Predicting the fatigue life and introducing structural health monitoring in cord reinforced rubber composites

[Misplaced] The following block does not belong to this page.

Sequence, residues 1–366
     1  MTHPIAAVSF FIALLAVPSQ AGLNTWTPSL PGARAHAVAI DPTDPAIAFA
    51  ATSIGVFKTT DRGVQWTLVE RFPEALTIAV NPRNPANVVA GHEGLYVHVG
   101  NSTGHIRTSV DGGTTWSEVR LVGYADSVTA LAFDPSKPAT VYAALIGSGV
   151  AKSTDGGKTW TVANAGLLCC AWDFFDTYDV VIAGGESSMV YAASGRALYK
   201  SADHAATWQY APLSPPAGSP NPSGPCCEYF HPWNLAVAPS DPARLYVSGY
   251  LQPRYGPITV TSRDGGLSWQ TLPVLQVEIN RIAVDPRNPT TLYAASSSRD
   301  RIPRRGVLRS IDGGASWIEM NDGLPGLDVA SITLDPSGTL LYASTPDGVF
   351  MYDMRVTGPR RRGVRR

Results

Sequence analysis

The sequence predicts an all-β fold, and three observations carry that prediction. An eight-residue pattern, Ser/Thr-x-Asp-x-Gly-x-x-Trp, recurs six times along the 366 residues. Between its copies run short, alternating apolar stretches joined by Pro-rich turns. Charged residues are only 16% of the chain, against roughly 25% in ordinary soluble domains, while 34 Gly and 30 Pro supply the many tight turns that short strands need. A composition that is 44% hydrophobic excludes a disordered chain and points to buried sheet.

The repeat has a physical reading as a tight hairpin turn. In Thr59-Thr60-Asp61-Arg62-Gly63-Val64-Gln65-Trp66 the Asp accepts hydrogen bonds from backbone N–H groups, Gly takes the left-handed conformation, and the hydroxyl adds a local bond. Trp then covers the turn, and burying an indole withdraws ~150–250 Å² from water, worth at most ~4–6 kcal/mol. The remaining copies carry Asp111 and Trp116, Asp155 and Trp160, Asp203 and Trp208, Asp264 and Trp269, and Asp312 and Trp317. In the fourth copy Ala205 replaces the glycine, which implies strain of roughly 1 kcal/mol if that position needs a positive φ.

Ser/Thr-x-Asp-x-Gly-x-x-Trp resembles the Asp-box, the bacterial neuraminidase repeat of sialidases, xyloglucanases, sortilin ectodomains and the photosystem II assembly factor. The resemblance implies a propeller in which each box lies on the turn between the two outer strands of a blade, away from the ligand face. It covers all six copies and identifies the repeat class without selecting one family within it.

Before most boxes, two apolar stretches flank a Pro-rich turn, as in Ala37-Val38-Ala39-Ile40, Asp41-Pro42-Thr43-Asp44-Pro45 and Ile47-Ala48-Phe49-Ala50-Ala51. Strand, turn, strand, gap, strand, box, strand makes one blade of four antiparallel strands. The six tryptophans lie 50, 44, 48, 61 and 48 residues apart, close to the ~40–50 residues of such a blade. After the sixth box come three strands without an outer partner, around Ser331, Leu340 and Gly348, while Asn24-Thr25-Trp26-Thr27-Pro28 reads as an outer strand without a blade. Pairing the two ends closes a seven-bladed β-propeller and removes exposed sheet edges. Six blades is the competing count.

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Fatigue behaviour of cord-rubber composites is of great interest as components based on these materials are often subjected to cyclic loading during in-service conditions. Unfortunately, there appears a lack of scientific literature addressing this topic compared to that of fibre reinforced plastics (FRPs). First conventional wedged grips were evaluated as a means to measure the tensile fatigue behaviour of single carbon cord reinforced hydrogenated nitrile butadiene rubber (CC-HNBR) composite samples. However, in these tests, failure was dominated by shear induced interfacial failure mechanisms (debonding), rather than cord fracture. Consequently, an alternative fatigue test for measuring the cord-dominated failure of cord-rubber composites was developed using bollards to introduce the load without creating premature failure near the gripping area. Later, frequency effect and R ratio dependence were investigated based on a comprehensive characterisation of non-relaxing tensile fatigue of the CC-HNBR composites. Frequency has negligible effects on the fatigue life within testing regimes (2, 5, 10 and 20 Hz) due to a very limited self-heating of the rubber matrix as detected using the thermal imaging. Higher R ratios tend to increase the fatigue life due to possible crack tip blunting as a consequence of strain induced crystallisation (SIC) of the HNBR matrix. Life predictions of those model composites were made by various constant life diagram (CLD) models. Attempts were further made by modifying Harris’s CLD and their applicability were examined. It showed that predictions made by the modified Harris’s CLD and piecewise linear CLD were in a good agreement with experimental data at different R ratios. II A novel experimental set-up was described that replicated in a simplified way the real-pulley situation encountered under typical service conditions was used to investigate the effect of the bending curvature, frequency and R ratio effects on the life-time of the CC-HNBR composite subject to coupled tension and bending conditions. Cord-dominated fracture occurred close to the point where the specimen just left the pulley as detected using thermal imaging due to the combined effects of bending and maximum tension at this site. There was a reduction in fatigue life as a result of a tighter bending radius of the pulley which created a higher level of bending strain whilst similar effects of R ratio and frequency were observed to those in tensile fatigue. Finally, efforts were made to develop smart self-sensing glass cord rubber composites with integrated damage detection capabilities. A simple swelling and infusion method was developed to incorporate carbon nanotubes (CNTs) into the existing elastomeric adhesive coating of glass cords. Conductive CNT-infused glass cords with good self-sensing functions were achieved without affecting the bonding provided by the coating with rubber matrix. The effectiveness of using these smart cords as interfacial damage sensors in cord-rubber composites was demonstrated under static and cyclic loading. It showed the possibility to identify both reversible deformation and irreversible interfacial damage. The simplicity of the proposed swelling and infusion methodology provides great potential for large-scale industrial production or modification of CNT functionalised elastomeric products such as cord-rubber composite.
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